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Z-axis encoder connection diagnosis

I’ve been making the first few cuts with my new build and am running into some issues with the z-axis apparently losing encoder feedback and driving the z-axis to the extent of it’s travel.

Details of my build:

  • Latest EastBaySource kit (1.5b control board)
  • Meticulous-style z-axis setup - currently just hacked together with bits of scrap ply, I’m working towards cutting a less janky version of the sled
  • Cheap air-cooled Chinese “spindle” (link)
  • Using the EBS firmware and EBS distributed version of GroundControl.

Everything works fine when just moving the sled around the board and manually positioning the z-axis from GroundControl. When I run the spindle and start making some cuts it will work for a while, then at some point GroundControl will lose track of the z-position - it continues reading a steady value while it drives the z-axis up or down, until I hit the emergency stop.

The 2 likely culprits seem to be:

  • A poor connection on the z-axis motor, triggered by vibration from the spindle. Disconnecting and reconnecting the cable at the sled does seem to rectify the issue which makes this seem likely. I’ve tried pulling the individual pins from the connector and pinching them slightly to tighten up the connection, without any lasting success.
  • Electrical noise from the spindle interfering with the encoder - I’ve read that excessive noise can be an issue with these spindles. I’m not sure where I’d begin to tackle this one, the cabling isn’t currently running particularly closely together, but… shielding? Power filters? Ferrite beads? I only vaguely understand that side of things.

It’s worth noting I have popped the encoder cap off the motor and everything looks to be intact under there. I’ve wondered whether the connector on the encoder board itself might have a bad solder joint, such that the movement of connection generally makes it good again, but I’m not sure how to get to the underside of that PCB to inspect it.

Any thoughts what my next step should be? How best to narrow down the possibilities? I have a few days to think about it while I wait on a replacement for the motor coupler I damaged today.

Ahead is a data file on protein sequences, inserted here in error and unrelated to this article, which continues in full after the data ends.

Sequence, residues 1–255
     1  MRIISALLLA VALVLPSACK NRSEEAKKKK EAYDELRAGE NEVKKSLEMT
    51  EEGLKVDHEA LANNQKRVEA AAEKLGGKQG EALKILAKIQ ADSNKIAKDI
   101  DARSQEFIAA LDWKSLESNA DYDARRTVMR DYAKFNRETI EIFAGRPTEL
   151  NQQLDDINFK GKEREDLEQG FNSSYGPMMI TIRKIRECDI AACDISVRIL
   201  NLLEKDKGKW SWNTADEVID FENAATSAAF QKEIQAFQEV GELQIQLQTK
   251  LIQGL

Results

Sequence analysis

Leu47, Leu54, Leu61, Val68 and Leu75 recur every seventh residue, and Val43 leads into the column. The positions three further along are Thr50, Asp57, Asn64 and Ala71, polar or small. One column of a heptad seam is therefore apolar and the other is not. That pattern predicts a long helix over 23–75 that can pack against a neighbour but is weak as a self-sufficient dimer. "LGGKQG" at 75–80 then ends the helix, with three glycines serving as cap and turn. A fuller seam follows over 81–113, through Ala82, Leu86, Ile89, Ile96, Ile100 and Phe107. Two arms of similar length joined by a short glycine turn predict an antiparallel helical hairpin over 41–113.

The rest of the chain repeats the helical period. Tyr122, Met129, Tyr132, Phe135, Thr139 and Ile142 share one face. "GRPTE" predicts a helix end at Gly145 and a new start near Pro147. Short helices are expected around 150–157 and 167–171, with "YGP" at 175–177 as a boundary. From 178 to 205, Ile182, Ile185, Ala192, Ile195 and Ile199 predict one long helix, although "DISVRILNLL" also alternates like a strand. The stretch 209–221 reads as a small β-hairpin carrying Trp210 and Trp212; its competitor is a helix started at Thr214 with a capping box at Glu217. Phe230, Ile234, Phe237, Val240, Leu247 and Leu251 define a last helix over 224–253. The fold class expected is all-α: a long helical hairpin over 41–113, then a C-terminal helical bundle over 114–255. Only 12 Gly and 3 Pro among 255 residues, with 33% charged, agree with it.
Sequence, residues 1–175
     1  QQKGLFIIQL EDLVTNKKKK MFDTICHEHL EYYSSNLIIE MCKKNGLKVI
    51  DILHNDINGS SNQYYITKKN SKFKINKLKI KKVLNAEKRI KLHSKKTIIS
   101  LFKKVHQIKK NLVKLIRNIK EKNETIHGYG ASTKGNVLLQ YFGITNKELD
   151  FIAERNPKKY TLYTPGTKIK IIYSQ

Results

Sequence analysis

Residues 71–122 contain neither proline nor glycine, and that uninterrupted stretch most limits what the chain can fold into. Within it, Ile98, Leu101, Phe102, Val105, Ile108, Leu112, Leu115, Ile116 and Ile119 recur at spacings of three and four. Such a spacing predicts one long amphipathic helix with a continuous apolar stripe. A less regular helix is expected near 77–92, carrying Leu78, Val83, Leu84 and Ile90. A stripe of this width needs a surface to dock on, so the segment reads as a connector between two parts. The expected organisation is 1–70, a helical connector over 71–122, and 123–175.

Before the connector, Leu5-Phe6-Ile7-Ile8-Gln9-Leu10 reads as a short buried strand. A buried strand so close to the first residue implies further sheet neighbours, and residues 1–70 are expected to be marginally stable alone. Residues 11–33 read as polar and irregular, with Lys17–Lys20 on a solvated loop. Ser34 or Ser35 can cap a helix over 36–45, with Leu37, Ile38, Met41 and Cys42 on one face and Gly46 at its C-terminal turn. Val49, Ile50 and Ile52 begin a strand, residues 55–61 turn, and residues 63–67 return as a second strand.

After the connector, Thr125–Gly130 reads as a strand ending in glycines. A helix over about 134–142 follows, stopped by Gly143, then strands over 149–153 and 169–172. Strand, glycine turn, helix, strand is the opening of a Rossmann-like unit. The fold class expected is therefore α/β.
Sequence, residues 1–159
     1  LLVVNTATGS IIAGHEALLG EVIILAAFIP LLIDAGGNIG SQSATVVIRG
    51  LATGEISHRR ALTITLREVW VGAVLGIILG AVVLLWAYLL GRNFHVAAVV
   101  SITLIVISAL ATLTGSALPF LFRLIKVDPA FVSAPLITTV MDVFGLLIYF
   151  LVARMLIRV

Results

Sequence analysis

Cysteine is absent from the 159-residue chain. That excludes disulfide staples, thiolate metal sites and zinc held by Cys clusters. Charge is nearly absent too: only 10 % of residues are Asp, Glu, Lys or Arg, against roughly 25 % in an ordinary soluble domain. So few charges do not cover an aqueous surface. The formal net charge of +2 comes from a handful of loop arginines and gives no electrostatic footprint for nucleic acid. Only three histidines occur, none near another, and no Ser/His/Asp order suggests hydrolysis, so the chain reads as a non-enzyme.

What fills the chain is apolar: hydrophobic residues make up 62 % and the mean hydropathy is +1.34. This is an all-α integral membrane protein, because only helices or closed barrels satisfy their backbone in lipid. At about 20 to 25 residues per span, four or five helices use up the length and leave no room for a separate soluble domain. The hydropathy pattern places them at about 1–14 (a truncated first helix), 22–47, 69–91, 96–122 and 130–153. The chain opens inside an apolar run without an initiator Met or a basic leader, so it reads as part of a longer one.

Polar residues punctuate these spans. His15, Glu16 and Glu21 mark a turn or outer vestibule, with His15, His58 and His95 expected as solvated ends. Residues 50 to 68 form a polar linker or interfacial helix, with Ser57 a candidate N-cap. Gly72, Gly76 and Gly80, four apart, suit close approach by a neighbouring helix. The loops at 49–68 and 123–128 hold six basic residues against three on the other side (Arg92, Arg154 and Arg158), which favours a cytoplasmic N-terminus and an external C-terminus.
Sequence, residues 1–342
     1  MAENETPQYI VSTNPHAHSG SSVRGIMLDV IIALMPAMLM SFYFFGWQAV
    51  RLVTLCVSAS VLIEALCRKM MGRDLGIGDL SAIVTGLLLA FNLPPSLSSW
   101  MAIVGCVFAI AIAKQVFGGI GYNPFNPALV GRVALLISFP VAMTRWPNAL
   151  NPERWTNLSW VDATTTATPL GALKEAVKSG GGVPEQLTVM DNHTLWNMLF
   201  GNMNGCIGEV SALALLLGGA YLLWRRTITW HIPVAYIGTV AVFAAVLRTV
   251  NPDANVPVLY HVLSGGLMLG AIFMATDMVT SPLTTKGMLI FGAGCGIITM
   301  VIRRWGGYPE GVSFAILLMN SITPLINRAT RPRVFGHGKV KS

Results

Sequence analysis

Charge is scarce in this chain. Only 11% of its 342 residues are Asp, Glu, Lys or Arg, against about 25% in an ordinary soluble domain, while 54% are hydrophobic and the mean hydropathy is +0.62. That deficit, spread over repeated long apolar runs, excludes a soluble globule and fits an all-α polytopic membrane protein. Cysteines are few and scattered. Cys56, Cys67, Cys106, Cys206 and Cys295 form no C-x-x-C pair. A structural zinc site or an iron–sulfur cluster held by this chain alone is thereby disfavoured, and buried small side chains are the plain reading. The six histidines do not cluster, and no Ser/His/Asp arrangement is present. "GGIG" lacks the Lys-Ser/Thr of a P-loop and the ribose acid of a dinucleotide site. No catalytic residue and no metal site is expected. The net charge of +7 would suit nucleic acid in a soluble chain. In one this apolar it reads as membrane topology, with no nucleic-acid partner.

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Have you zip tied the cable at the sled to something to strain relieve any pull from the sled movement? The most likely culprit is the poor connection at the z motor. The encoder pulses a certain number of times per rotation of the motor shaft and the system just counts those pulses to know the mill height. If the encoder loses connection, the motor will continue to spin, but the controller gets no step feedback to count saying it is moving, so it will keep going until it gets enough steps to stop or it hits the end stop or limit.

This is my bet. Electrical noise tends to make the z-axis position move when the motor isn’t actually turning which is sort of the opposite of what you are seeing. You are seeing the signal not getting to the controller which I bet is a connection issue.

Have you zip tied the cable at the sled to something to strain relieve any pull from the sled movement?

I have done this, but only after I first encountered the problem - it was part of my first round of troubleshooting. I’m increasingly thinking I might have damaged the PCB connection by running it with the cable hanging off it for a while.

I don’t have my parts in yet, but considering next steps - I’m still suspicious of the encoder PCB, since the plug itself seems to seat pretty firmly.

Any thoughts on whether removing the encoder PCB is a reasonable option? Would it perhaps be a better idea to try to reflow the joints by heating the pins directly?

I wouldn’t be afraid to resolder the pins, but I’d be very careful about not messing with anything else. Verify that nothing on that encoder is mechanically damaged if you are inspecting it.

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